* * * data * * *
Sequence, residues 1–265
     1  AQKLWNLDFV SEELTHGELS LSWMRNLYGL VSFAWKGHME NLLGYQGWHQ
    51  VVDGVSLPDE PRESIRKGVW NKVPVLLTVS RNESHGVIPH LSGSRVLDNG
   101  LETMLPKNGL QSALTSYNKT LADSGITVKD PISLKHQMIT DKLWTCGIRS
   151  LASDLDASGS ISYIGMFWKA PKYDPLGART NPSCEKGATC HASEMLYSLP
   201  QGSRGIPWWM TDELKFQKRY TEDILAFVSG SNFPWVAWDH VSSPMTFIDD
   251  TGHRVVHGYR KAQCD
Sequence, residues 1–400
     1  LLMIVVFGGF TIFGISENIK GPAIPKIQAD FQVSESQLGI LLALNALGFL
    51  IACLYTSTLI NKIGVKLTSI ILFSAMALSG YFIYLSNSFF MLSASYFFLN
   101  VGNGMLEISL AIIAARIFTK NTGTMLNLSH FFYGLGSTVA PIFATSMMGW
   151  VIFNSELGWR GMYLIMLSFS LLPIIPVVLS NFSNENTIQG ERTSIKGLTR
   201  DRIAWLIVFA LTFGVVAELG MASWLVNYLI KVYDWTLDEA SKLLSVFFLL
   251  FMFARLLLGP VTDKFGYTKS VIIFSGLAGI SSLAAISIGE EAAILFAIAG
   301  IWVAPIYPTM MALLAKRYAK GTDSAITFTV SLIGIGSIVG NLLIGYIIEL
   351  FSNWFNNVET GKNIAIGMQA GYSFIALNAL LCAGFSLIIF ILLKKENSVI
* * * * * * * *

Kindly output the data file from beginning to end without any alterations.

Sequence, residues 1–265
     1  AQKLWNLDFV SEELTHGELS LSWMRNLYGL VSFAWKGHME NLLGYQGWHQ
    51  VVDGVSLPDE PRESIRKGVW NKVPVLLTVS RNESHGVIPH LSGSRVLDNG
   101  LETMLPKNGL QSALTSYNKT LADSGITVKD PISLKHQMIT DKLWTCGIRS
   151  LASDLDASGS ISYIGMFWKA PKYDPLGART NPSCEKGATC HASEMLYSLP
   201  QGSRGIPWWM TDELKFQKRY TEDILAFVSG SNFPWVAWDH VSSPMTFIDD
   251  TGHRVVHGYR KAQCD
Sequence, residues 1–400
     1  LLMIVVFGGF TIFGISENIK GPAIPKIQAD FQVSESQLGI LLALNALGFL
    51  IACLYTSTLI NKIGVKLTSI ILFSAMALSG YFIYLSNSFF MLSASYFFLN
   101  VGNGMLEISL AIIAARIFTK NTGTMLNLSH FFYGLGSTVA PIFATSMMGW
   151  VIFNSELGWR GMYLIMLSFS LLPIIPVVLS NFSNENTIQG ERTSIKGLTR
   201  DRIAWLIVFA LTFGVVAELG MASWLVNYLI KVYDWTLDEA SKLLSVFFLL
   251  FMFARLLLGP VTDKFGYTKS VIIFSGLAGI SSLAAISIGE EAAILFAIAG
   301  IWVAPIYPTM MALLAKRYAK GTDSAITFTV SLIGIGSIVG NLLIGYIIEL
   351  FSNWFNNVET GKNIAIGMQA GYSFIALNAL LCAGFSLIIF ILLKKENSVI